Dr. Cassidy is using his NM-MRI biomarker at The Royal’s Brain Imaging Centre (BIC) to view levels of dopamine in a patient’s brain with schizophrenia. The dopamine level is a key factor in determining which medication treatment will work best for someone living with schizophrenia. Those with high levels of dopamine are more likely to respond better to first-line psychosis medication. For those patients with normal levels of dopamine, they are more likely to respond best to clozapine. The hope and study objective is that researchers will be able to use NM-MRI to see these brain differences and determine the best form of treatment early on in a schizophrenia diagnosis – eliminating trial and error, unnecessary side effects and wasted time for the patient.
In 2019, Dr. Cassidy used his skillset from building the neuromelanin imaging tool to look at dopamine in the brain and he created a neuromelanin imaging tool – what he calls a pipeline – to be able to look at the neurotransmitter noradrenaline, which, similar to dopamine, can be investigated using neuromelanin scanning. This new tool opened the door for studies of mental health disorders involving imbalance in noradrenaline, such as in Alzheimer’s disease and PTSD.
Dr. Cassidy has been working alongside a research team in Montreal who have already been focused on Alzheimer’s research using a unique dataset. That team recently made a discovery on how to predict Alzheimer’s disease using a blood test.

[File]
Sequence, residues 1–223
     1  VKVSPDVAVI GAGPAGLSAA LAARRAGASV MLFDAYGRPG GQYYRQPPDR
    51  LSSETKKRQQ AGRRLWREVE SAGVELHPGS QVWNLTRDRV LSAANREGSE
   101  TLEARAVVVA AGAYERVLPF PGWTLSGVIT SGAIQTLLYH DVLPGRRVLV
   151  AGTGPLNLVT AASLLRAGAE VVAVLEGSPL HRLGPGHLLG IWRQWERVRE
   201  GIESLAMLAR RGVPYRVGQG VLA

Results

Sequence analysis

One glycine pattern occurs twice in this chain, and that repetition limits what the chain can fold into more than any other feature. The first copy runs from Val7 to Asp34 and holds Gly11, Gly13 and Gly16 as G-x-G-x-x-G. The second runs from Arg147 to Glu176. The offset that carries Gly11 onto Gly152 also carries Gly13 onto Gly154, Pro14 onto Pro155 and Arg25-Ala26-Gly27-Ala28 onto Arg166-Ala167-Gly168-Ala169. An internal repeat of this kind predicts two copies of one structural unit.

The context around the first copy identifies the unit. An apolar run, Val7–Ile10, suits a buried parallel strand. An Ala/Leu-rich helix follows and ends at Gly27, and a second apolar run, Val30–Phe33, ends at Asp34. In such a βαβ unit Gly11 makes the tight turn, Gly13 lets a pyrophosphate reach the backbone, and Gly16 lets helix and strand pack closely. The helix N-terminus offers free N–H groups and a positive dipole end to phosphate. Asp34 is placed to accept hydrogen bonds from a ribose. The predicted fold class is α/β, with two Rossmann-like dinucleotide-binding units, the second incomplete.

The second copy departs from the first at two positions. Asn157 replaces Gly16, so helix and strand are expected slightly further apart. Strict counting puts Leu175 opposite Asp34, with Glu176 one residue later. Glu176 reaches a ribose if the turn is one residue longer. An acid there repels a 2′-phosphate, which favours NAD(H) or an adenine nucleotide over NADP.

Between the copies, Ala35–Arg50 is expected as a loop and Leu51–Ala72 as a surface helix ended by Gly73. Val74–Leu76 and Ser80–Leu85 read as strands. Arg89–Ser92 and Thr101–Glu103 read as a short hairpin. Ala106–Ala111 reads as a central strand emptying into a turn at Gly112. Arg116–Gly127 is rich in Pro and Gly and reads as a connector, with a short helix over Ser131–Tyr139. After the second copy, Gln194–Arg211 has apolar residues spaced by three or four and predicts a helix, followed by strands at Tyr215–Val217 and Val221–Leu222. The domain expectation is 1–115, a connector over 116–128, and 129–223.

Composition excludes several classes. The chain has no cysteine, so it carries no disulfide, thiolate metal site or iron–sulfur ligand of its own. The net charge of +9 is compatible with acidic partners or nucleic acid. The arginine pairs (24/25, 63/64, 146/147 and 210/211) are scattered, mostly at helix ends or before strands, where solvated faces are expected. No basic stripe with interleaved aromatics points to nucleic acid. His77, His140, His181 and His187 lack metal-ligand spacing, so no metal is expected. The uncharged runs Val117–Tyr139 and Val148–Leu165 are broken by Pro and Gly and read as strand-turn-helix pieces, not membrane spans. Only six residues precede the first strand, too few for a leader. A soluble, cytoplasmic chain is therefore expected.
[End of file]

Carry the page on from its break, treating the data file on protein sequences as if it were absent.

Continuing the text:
However, what researchers still don’t know is why some people get Alzheimer’s disease and other people don’t, and if it is possible to prevent its progression in its early stages.
“We need to understand the process of how this problem spreads in the brain,” says Dr. Cassidy. “There are many elements that go wrong in the brain with Alzheimer’s disease and we want to find out which ones are more important, which ones trigger other ones, and which ones are just side effects.”
Dr. Cassidy and his colleagues in Montreal are using brain imaging to look at four special measures – three of which have never been studied on this large of a scale and at the same time – in 200 study participants.
They’re looking at amyloid beta (deposits that form plaques around brain cells), tau (deposits that form tangles within brain cells), the loss of tissue (gray matter) in the brain and Dr. Cassidy’s NM-MRI imaging tool.
NM-MRI can be used to measure death of cells, so by using this as one of the imaging tools, the research team is able to see whether a person with Alzheimer’s disease is losing noradrenaline cells and how that relates to tau and amyloid in the brain. The loss of noradrenaline neurons is related to the loss of grey matter, so the goal of Dr. Cassidy’s portion of this potentially ground-breaking study is to see where the noradrenaline death fits into the bigger picture of the classic symptoms of Alzheimer’s.
“There is a possibility that the loss of the noradrenaline system is quite relevant to one aspect of Alzheimer’s,” says Dr. Cassidy. “For instance, psychiatric symptoms in Alzheimer’s such as impulsive behaviour and depression. This would suggest potential treatments for such symptoms with drugs targeting the noradrenaline system. Alleviating these symptoms would help manage the burden of the illness.”
Several other NM-MRI imaging tool biomarker studies that Dr. Cassidy is working on in collaboration with other researchers, include a study examining Attention Deficit Hyperactivity Disorder medication on children and the ability to predict their response to medication using NM-MRI; cocaine use disorder and abnormalities in dopamine revealed by NM-MRI; examining the NM-MRI signal in Post-Traumatic Stress Disorder (PTSD) to develop brain-based biomarkers that will be clinically useful in determining which patients will respond best to which treatments for PTSD.